BUT: there is no NTSB report on every fatal motorcycle accident, most often assigning probable cause to “rider error”. There’s little public hand-wringing about how we MUST make motorcycles safer or withdraw/limit the freedom to ride. Heck, some states even repealed their helmet laws in the (correct in my opinion) belief that people should be free to choose helmets or not.

    Stipulations: I am in favor of safety messages/training for all pilots. I grieve whenever a fellow aviator makes a bad choice. I practice constant vigilance on my own safety and behavior.

    My point: our government, our media, and sometimes we ourselves pay outsized attention to GA and its safety record. Even that would be OK if the attention resulted in enhanced safety. Too often such attention seems to lead to more regulation, restriction, and rejection of GA. Why can’t GA occupy the same “space” in the public mind as motorcycling: can be risky; not for everyone; expect tragedies once in a while; tremendously useful and/or fun; and, ultimately, a choice made by free people in a free country.

  • I rode motorcycle a lot for a lot of years. I finally learned to get off the road and into the dirt. Many drivers either don’t see, or don’t care about, motorcycles – they are merely a fleeting target. And, I’m not really sure I’d like pilots to be lumped with bikers. To my knowledge, there are no outlaw gangs of fliers who get drunk, beat up on women, and vandalize communities.

    Aircraft accidents make good copy; newspapers are selling circulation; it’s almost a natural for the rumor mongers.

    You did, I think, hit a key word when you said attitude – ” the pilot/rider and her attitude have a huge effect on how risky the activity is.” A person’s attitude strongly influences choices of thought, behavior, activities, friends, etc. in our lives. IE: A person reveals a information about their core attitudes through behavior. Now, we can train to shape and correct lack of knowledge and skill.

    We cannot train to correct attitude. Aviation would profit, I think, if some attitudes were never licensed to fly. Attitudes are difficult to impossible to quantify, but behavior is not. Behavior is observable and can be measured. Some behaviors will be solid evidence of attitudes that should not be either in a cockpit or behind a wheel. Or, for that matter, behind a badge and gun.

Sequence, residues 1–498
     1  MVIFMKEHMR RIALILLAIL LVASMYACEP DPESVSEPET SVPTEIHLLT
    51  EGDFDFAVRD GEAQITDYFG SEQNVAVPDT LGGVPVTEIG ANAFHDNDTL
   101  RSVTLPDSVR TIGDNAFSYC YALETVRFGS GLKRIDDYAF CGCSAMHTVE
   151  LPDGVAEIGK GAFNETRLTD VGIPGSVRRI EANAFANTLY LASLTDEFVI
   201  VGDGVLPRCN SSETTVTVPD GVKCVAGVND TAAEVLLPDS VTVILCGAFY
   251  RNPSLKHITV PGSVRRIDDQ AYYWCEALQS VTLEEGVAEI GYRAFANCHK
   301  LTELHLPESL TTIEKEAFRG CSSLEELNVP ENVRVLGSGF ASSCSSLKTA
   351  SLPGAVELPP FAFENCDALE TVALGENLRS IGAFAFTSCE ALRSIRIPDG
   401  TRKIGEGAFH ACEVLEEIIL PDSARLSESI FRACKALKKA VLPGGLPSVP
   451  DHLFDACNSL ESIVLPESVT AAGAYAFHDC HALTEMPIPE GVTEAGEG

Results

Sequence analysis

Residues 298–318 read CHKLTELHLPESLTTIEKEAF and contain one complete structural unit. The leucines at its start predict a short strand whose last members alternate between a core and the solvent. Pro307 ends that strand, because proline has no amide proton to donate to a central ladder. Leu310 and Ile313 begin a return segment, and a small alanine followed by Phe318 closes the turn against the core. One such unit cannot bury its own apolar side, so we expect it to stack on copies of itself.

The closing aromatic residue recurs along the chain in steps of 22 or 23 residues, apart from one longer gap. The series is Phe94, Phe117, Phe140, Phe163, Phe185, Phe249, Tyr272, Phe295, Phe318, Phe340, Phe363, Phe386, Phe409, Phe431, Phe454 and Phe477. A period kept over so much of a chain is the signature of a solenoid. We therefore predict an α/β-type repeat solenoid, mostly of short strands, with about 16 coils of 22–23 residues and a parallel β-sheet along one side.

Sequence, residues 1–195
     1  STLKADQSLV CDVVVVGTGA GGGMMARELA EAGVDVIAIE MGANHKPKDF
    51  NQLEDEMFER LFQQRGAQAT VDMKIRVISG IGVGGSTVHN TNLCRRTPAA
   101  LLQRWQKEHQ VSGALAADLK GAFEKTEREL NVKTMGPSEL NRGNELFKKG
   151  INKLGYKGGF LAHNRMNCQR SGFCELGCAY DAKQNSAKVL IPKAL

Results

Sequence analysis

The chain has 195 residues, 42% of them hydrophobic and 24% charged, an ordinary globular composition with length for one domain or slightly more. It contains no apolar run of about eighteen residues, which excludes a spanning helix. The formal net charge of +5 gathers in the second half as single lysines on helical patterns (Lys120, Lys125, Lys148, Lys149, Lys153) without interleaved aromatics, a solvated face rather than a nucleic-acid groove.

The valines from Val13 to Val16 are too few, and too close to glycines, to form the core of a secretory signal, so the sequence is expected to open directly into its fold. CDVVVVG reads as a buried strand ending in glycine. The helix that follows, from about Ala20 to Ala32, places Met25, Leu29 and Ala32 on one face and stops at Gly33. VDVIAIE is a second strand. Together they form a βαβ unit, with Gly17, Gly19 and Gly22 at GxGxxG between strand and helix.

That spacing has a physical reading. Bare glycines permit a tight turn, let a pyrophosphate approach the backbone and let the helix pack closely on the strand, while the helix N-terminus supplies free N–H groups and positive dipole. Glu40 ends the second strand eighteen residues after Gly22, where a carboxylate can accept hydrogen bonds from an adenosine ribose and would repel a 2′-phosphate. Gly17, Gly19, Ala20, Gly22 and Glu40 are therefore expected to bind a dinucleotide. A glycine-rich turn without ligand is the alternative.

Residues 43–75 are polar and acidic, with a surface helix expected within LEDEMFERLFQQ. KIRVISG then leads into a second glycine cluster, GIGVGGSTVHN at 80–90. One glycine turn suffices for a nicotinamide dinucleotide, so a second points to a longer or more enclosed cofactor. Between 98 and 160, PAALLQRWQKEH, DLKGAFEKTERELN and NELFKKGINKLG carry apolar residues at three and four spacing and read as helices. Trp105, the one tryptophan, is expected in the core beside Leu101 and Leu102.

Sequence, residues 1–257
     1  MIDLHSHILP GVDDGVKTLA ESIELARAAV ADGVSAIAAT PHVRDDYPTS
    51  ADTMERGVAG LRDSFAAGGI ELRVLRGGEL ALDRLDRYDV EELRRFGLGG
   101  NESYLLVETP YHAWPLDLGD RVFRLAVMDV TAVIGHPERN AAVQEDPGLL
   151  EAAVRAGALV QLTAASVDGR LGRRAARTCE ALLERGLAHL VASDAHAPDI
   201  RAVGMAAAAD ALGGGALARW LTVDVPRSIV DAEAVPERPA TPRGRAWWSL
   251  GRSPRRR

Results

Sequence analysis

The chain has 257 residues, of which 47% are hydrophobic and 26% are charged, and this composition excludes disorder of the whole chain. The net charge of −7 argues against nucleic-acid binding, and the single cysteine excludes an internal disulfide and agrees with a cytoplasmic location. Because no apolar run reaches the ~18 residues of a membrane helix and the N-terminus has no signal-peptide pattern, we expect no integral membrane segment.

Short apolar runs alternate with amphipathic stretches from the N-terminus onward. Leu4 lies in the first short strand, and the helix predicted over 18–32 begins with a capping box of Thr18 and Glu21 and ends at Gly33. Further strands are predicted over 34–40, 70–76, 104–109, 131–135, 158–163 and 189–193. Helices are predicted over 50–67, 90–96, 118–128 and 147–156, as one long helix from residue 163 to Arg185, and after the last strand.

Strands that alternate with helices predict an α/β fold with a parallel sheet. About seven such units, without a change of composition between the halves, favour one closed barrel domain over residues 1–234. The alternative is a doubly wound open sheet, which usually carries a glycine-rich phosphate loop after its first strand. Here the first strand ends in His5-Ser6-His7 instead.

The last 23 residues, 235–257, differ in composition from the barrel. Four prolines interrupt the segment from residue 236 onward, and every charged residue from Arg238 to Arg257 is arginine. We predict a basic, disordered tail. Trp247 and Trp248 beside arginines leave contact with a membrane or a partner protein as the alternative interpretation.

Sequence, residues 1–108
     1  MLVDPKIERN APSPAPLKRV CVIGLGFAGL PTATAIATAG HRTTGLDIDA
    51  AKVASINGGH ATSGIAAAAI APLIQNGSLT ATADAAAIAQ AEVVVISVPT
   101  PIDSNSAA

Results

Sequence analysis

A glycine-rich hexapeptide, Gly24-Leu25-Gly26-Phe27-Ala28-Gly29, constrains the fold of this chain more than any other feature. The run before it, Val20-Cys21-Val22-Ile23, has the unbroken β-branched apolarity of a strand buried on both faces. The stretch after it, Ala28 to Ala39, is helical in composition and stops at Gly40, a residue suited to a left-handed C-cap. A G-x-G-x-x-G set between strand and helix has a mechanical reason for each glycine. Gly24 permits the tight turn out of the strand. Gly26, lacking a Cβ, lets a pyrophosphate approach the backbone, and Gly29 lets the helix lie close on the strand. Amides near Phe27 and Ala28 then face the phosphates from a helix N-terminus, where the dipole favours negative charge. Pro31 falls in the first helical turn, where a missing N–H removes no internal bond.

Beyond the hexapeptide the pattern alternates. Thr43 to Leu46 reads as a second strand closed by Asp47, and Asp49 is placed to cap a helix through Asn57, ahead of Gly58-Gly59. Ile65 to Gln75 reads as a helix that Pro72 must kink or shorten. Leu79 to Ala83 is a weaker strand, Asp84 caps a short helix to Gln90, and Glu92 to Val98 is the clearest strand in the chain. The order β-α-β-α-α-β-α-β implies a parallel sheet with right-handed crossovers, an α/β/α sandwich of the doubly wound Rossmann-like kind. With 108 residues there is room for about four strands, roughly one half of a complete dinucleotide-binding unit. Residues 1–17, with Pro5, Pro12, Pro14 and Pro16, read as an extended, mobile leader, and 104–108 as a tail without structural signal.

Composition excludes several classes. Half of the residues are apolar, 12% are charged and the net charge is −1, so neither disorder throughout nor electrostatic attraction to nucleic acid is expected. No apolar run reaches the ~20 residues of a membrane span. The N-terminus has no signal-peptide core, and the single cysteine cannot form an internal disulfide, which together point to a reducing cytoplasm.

• There’s something odd about the GA vs airline safety graph; No units of measure on the x axis, no value for the numbers,and no bump in airline rates for 9/11. It looks suspicious.

    It also seems that comparing GA to scheduled airlines is unrealistic. Comparing multi-crew cockpits in all weather jets to is like comparing truckers to non-CDL car drivers.

    Finally, According to the U of So Cal systems and safety management curricula: ‘safety’ is a way of reducing the cost of doing business. If you cannot afford the risk and cannot change your ways, buy insurance. Paradoxically, insurers either charge a premium for risky behavior or insist on training and demonstrating proficiency to an independent school house, like Flight Safety International. The closer one gets to behaving like a multi-crew cockpit and equip the aircraft with all weather capability, the lower the premium.

    I’m sure insurers can do a better job of analyzing this than I, but to my feeble mind, if risk is too high, insurance becomes unobtainable at any price. I don’t think we are even close to that.

    • Comparing GA to airlines is unrealistic. But I do it to illustrate the point–we can improve aviation safety to a point where flying is almost risk-free. But we choose not to, because that would come at a very high price. That’s OK in my opinion, but not enough people seem to admit this trade-off.